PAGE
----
Submitted to: Plant Disease
Publication Type: Peer Reviewed Journal
Publication Acceptance Date: 2/19/2015
Publication Date: 8/1/2015
Publication URL: http://handle.nal.usda.gov/10113/61424
Citation: Widmer, T.L., Dodge, S.C. 2015. Bioassay conditions for infection of Pinus radiata seedlings with Phytophthora pinifolia zoospores. Plant Disease. 99:1204-1209.
Interpretive Summary: The pathogen that causes mortality of Monterey pine in Chile, Phytophthora pinifolia, is a concern to the United States because California is the worldwide genetic resource for this native forest tree and the potential to infect other pine trees. However, very little is known about this pathogen including what conditions are needed for disease to occur. This study showed that wounding of the stem or needles was necessary for infection to occur and that exposure to moisture was also needed. However, infection occurred over a range of temperatures. This research is important in that it develops a standardized test to screen other pines and tree species for infection by this pathogen. This information will be important to researchers, forest managers and regulatory agencies who are looking to study how this pathogen might impact specific environmental areas should it enter the U.S.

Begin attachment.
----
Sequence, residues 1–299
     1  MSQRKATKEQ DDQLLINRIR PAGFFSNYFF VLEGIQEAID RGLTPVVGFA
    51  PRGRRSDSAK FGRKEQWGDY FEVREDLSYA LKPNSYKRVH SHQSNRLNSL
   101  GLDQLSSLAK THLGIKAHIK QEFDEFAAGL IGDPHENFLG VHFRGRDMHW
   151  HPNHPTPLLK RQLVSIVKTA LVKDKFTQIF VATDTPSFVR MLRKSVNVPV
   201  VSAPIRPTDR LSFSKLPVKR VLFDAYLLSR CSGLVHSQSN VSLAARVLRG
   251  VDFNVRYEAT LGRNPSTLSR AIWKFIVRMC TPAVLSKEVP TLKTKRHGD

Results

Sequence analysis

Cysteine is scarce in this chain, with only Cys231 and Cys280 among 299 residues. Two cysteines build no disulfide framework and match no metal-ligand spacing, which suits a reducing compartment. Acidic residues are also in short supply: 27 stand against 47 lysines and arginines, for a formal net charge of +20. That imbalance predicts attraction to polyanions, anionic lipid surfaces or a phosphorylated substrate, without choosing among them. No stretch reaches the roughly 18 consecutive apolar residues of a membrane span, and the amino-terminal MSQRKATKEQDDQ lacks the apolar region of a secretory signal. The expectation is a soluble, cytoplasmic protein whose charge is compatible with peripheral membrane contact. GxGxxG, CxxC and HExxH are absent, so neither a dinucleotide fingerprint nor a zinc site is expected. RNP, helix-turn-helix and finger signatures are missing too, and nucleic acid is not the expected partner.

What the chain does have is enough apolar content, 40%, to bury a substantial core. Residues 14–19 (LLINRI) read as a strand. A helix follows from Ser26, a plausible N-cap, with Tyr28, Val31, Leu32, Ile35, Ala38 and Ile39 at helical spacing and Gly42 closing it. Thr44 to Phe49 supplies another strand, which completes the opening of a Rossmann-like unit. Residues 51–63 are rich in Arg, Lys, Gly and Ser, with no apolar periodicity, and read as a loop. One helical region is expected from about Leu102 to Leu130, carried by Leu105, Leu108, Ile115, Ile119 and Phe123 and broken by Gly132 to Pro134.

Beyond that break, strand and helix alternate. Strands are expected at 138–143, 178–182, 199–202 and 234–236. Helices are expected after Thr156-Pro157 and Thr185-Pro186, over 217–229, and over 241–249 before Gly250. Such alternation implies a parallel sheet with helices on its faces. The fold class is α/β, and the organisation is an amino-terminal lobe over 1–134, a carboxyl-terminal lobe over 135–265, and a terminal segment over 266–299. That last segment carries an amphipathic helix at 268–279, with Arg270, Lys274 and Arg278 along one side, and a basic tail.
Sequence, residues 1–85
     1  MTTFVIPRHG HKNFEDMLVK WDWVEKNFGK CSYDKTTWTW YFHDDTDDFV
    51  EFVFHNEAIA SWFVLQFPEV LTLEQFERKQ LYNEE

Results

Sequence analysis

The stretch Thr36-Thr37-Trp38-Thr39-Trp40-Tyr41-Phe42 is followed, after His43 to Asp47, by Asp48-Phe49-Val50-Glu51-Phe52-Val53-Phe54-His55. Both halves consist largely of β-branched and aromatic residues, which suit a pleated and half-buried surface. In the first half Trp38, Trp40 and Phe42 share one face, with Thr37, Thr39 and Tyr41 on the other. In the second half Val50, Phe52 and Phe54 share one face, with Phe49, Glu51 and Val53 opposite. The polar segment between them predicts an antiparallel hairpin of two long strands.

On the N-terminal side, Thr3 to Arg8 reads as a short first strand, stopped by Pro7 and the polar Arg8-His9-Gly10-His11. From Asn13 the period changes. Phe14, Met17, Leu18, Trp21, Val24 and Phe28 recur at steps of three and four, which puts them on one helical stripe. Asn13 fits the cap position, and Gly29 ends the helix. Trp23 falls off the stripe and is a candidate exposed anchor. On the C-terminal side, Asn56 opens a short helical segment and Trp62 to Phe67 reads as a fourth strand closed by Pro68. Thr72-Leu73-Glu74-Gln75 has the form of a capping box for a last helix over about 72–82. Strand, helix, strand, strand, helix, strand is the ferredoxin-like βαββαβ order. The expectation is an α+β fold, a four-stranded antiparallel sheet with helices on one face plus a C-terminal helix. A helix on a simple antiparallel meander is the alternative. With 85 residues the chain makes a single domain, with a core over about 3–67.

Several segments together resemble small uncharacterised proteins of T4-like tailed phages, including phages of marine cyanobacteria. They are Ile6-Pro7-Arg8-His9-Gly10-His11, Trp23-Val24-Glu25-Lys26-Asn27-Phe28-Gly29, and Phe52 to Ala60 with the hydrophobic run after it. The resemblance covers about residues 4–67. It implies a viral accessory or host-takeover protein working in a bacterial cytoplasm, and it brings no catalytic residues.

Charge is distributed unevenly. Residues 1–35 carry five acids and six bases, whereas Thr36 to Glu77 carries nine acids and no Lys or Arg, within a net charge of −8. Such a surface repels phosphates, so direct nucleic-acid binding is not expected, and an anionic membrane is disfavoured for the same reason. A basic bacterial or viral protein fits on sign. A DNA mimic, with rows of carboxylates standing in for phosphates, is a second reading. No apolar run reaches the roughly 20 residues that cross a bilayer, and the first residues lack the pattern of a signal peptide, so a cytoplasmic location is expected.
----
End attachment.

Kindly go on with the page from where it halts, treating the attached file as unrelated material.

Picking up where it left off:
Technical Abstract: Phytophthora pinifolia is known to cause a devastating disease on Monterey pines in Chile. Although this pathogen is not yet present in the U.S., there is reason for concern. The main source of Monterey pine genetic material is found in California and there is potential for other important tree species to be hosts. This study described here was conducted to develop a method to produce zoospores and determine optimal conditions for infection to be used in future host range studies. Abundant zoospores were produced when agar plugs containing P. pinifolia mycelia were ground into suspension prior to transfer in a solution of carrot broth. These zoospores then were used to inoculate Monterey pine seedlings under various conditions. Consistent infection occurred when seedlings were wounded by trimming needles prior to inoculation and exposure of inoculated seedling to constant dew for 5 days. Dew chamber temperature (15, 20, or 25 degrees C) did not affect the infection rate. Information obtained from this study will be useful in screening other hosts for susceptibility to P. pinifolia infection.